It’s the film that won the Best Picture Oscar for a whole 90 seconds, before the Academy managed to says, ‘Whoops, sorry, it was actually Moonlight’. However, it did pick up six of film world’s most prestigious gongs, including Best Actress for Emma Stone, and Best Director for Damien Chazelle. It was also the favourite for the biggest prize going into the ceremony, having charmed audiences with its tale of two people trying to find both love and artistic success.
In LA, Sebastian (Ryan Gosling) is a jazz musician, working a dead-end job playing piano in a bar, but desperate to prove himself as a real force in a music form that many others have given up on. Mia (the brilliant Emma Stone) is a young woman who works as a waitress, but she also goes to a succession of auditions for movie and TV roles in the hope of finding success as an actress.
They literally bump into each other at the moment Sebastian is fired from his job. I’s not exactly love at first sight though, despite Mia being enchanted by Sebastian’s music. However, they keep meeting and slowly fall for one another. But while they find love, they have to face the fact they both have artistic passions that demand dedication and sacrifices, and that they may eventually have to choose between their relationship and professional success.
From the bare bones of that plotline it doesn’t sound like anything special, but the whole experience is heightened by some great songs – including the Oscar-winning ‘City Of Stars’ and the wonderful ‘Audition (The Fools Who Dream) – and a style the moves from the realistic to the fantastical in an often mesmerising way. It also has a massive passion for the movies, consciously harking back to the musicals of the 1950s, with director Damien Chazelle demonstrating a real understanding of how cinematic musical magic can transport audiences in ways it’s difficult for other art forms to match.
That love of film probably helped La La Land become the favourite for the Oscars, because Tinsel Town undoubtedly love movies about movies. However, it’s certainly found a lot of deserved love with other people too. Interestingly, I’ve spoken to quite a few people who say they don’t like musicals, but who really enjoyed La La Land. It is perhaps because some musicals are so flighty and random, that they’ve tarnished the whole genre for some. However, La La Land is a proper movie, and uses the music to create emotion, romance and wonder.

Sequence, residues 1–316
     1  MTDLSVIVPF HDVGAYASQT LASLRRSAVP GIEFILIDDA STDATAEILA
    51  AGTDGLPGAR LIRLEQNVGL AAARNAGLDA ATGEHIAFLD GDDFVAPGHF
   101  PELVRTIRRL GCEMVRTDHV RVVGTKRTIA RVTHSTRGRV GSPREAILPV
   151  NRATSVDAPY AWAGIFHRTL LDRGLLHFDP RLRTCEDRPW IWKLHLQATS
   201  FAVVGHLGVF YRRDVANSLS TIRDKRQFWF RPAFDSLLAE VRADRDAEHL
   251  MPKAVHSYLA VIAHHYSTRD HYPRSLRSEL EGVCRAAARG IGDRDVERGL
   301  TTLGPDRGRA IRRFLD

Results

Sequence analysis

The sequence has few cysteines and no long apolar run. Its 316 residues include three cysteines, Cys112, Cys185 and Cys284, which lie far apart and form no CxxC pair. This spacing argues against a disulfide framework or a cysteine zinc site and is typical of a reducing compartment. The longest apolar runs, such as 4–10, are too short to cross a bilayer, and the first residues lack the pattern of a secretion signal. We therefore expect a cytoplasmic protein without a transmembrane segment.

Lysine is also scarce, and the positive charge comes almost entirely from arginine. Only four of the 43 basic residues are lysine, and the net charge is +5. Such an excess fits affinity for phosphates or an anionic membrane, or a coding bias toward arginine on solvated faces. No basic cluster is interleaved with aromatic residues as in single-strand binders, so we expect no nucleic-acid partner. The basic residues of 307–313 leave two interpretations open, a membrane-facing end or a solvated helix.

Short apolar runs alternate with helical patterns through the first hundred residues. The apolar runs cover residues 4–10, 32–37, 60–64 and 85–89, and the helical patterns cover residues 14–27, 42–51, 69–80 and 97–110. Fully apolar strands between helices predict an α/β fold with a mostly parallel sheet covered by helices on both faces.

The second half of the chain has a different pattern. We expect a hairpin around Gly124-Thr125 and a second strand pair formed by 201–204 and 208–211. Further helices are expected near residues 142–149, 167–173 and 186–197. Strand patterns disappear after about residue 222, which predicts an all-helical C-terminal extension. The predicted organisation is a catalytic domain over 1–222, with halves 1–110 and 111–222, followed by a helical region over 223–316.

That said, what really makes it stand out is the beginning and the end, create incredible bookends that make La La Land far more memorable than it would otherwise be. The film opens with an astonishing faux-single shot musical number on an LA freeway, where the traffic jam erupts into Technicolor song and dance, allowing the people in (and soon out of) the cars express their dreams and aspirations. It’s a real tour-de-force and certainly pulls the audience into the movie’s world very quickly, with both its technical virtuosity and its joy.
While saying too much about the ending would take us into spoiler territory, it’s absolutely beautifully done, and manages to be in turns surprising, emotional and genuinely clever. It also manages to leave the audience thinking, presenting a rare situation where film acknowledges that life choices aren’t generally between good and bad, but can end up taking your life in a completely different direction, where you may miss out on some things, but you could be more fulfilled in others.
The middle of the movie is also good, and some of the musical numbers are truly great, but without the brilliance of the beginning and end, it would probably have been a good but not particularly noticed movie, instead of a multi-Oscar winner that’s grossed over $400 million around the world. As with Whiplash though, it shows director Damien Chazelle really is an impressive talent, and one who deserves his Oscar.
With the Blu-ray featuring great visuals that make the moment of bright primary colours really pop, and some pretty good special features, it’s a good disc for a very good film.
Overall Verdict: A love letter to LA and the Hollywood of the past, which conjures up romance and occasionally wonder – helped by a superb beginning and end.
Reviewer: Tim Isaac